‘Quad Plus’ Dialogue – Tokyo
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A four-member team from the Vivekananda International Foundation (VIF) comprising Director, Dr. Arvind Gupta, Lt. Gen. Ravi Sawhney, Ambassador Anil Wadhwa and Dr. Harinder Sekhon participated in the Quad Plus Dialogue in Tokyo from March 4 to 6, 2018. This was the fifth in this series of track-two ‘Quad’ dialogues. This Dialogue was held in the backdrop of the November 2017 Track one dialogue when officials from the four countries met on the margins of the ASEAN meetings in Manila. Going forward, the purpose of the latest Quad-Plus think tank dialogue is to help inform future meetings and expand upon official deliberations.

All four countries have interests in areas like the freedom of the seas, the shape of regional diplomatic architecture, counter-terrorism, and non-traditional security issues. These interests have been the real drivers of the Track Two discussions and the Quad Plus dialogue seeks to build upon this positive trajectory. The two-day dialogue focused on common strategic interests among the Quad countries, U.S., Japan, India, and Australia. Topics discussed this year included Quad interests in the South China Sea, Afghanistan-Pakistan, the challenge of maintaining a free and open Indo-Pacific, Chinese foreign policy under Xi Jinping, and maintaining autonomy of action in managing relations amongst the Quad countries as they balance their interests with China which is among the biggest economic partner for each.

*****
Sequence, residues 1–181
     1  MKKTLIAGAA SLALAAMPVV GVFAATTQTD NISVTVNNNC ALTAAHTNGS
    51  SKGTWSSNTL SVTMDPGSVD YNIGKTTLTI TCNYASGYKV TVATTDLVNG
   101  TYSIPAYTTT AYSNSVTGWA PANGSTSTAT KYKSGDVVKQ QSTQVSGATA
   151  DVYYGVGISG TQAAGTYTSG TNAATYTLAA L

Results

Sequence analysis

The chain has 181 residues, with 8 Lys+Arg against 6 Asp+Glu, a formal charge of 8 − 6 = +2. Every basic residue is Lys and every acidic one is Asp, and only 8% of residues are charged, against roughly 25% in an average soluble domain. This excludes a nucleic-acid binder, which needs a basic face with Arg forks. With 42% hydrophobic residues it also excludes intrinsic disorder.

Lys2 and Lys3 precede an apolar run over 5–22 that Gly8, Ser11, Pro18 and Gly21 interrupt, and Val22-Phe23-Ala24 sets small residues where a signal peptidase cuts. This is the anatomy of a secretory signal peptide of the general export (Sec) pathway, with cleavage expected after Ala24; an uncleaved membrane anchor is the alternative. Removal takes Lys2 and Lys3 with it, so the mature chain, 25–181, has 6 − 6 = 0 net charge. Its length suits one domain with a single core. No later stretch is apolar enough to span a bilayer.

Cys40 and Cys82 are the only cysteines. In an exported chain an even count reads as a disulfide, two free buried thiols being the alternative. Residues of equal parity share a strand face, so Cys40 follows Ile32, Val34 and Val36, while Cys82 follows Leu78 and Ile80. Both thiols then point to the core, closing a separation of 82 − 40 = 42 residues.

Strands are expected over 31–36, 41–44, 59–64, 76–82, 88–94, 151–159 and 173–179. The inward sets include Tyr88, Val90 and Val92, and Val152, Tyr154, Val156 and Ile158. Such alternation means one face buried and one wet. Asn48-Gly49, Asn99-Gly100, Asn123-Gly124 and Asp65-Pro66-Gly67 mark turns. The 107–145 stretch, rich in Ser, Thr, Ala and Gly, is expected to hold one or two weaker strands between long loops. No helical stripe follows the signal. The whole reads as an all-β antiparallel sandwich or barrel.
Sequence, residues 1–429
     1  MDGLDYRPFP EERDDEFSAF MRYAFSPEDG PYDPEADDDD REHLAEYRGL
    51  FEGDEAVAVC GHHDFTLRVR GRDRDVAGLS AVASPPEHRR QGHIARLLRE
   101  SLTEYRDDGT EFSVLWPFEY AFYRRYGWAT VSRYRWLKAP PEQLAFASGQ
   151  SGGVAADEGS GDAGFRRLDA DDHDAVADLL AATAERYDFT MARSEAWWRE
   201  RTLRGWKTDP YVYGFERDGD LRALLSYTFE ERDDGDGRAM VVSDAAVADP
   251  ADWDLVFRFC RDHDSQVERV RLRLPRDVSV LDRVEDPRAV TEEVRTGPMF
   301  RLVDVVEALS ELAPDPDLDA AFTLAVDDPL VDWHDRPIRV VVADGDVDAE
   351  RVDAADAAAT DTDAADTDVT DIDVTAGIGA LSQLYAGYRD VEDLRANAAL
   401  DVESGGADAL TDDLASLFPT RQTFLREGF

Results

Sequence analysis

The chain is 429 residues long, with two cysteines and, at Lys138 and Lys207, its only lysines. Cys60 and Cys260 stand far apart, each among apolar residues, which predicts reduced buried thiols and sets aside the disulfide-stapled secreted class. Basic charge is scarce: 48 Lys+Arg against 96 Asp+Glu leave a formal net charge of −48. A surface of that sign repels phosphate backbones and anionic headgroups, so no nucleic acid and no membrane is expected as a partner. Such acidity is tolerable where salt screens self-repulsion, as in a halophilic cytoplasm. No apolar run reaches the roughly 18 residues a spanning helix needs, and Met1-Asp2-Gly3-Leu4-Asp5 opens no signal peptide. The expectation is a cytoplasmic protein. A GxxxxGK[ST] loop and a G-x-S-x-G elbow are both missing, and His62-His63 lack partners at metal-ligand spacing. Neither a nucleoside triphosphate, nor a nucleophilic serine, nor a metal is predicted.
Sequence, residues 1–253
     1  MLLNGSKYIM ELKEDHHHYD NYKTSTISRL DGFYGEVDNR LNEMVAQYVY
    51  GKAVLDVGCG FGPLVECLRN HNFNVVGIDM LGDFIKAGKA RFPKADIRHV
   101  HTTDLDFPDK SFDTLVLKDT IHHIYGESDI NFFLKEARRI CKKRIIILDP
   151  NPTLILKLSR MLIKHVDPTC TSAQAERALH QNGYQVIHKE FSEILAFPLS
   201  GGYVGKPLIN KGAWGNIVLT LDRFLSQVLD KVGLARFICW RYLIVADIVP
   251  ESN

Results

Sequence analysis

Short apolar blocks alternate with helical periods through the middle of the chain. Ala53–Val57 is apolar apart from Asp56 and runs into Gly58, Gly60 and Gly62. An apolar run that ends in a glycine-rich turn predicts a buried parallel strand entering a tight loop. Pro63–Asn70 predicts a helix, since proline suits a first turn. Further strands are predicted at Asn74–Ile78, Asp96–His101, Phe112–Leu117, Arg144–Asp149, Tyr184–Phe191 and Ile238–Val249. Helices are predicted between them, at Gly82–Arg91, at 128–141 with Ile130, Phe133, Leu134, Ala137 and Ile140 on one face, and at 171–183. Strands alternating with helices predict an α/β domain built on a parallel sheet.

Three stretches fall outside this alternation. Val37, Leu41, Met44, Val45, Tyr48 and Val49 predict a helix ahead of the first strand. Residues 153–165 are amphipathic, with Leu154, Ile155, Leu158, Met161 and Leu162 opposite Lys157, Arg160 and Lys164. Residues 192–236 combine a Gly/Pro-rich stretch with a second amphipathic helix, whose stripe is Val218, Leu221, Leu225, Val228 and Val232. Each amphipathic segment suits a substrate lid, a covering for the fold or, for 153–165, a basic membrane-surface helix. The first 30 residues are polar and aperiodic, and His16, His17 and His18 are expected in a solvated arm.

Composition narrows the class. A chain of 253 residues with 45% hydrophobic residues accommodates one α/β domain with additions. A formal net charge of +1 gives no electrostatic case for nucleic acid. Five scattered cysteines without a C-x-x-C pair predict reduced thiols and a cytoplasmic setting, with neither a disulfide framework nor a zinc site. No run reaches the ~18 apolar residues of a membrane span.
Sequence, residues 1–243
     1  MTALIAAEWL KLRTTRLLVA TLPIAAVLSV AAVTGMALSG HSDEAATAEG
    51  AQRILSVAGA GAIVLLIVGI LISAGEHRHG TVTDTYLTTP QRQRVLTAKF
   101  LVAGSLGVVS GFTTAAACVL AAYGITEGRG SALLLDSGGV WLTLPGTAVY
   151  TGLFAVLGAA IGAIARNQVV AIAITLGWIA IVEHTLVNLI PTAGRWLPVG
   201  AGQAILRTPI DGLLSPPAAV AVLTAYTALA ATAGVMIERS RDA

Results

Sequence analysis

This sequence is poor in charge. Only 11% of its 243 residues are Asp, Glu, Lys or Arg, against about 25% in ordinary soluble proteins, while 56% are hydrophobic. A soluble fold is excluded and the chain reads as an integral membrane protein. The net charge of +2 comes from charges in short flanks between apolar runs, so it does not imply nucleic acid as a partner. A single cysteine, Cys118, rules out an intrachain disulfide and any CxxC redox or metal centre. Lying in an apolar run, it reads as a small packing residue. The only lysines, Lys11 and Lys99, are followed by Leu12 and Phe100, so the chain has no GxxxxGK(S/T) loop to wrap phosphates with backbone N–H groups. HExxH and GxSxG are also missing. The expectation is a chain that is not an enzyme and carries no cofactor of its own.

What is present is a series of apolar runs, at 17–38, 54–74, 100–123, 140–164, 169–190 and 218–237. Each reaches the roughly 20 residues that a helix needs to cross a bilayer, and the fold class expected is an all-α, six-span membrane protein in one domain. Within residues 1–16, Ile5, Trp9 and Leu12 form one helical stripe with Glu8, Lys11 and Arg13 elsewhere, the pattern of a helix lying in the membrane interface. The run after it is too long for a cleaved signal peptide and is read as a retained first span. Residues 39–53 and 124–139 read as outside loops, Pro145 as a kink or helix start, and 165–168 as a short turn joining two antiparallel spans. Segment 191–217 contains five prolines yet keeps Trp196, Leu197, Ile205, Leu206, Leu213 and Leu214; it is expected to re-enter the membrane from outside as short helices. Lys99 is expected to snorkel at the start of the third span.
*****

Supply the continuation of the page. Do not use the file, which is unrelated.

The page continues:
There was agreement amongst the panelists and other experts that while there is a congruence of interest among the Quad countries about the challenges that confront each in the Indo-Pacific, the real challenge is to find alternatives to the sheer economic might of China in the region through the promotion of greater connectivity and infrastructure projects, thereby creating a more inclusive architecture in the Indo-Pacific. But there seemed to be a lack of clarity as to what the Quad group can do and whether such a grouping will be able to exert pressure on China to change its behavior.

There was unanimity for the need to counter China’s aggressive behaviour through the promotion of an orderly and free flow of economic factors, highly efficient allocation of resources and deep integration of markets. There was agreement on the need to encourage the countries along the proposed Belt and Road to achieve economic policy coordination and carry out broader and more in-depth regional cooperation of higher standards, and jointly create an open, inclusive and balanced regional economic cooperation architecture that benefits all.

The practical cooperation projects discussed at the meeting were:-

• Maritime security and cooperation, capacity building for ASEAN and Pacific states, intelligence sharing, force restructuring, joint exercises, freedom of navigation exercises.
• Cooperation through existing mechanisms like Indian Ocean Naval Symposium (IONS), Indian Ocean Rim Association (IORA).
• Defence manufacturing and technologies including new technologies like sonar, radars and over the horizon technologies, maritime domain awareness.
• Deep sea mining, mine sweeping, cooperation in coast guard and surveillance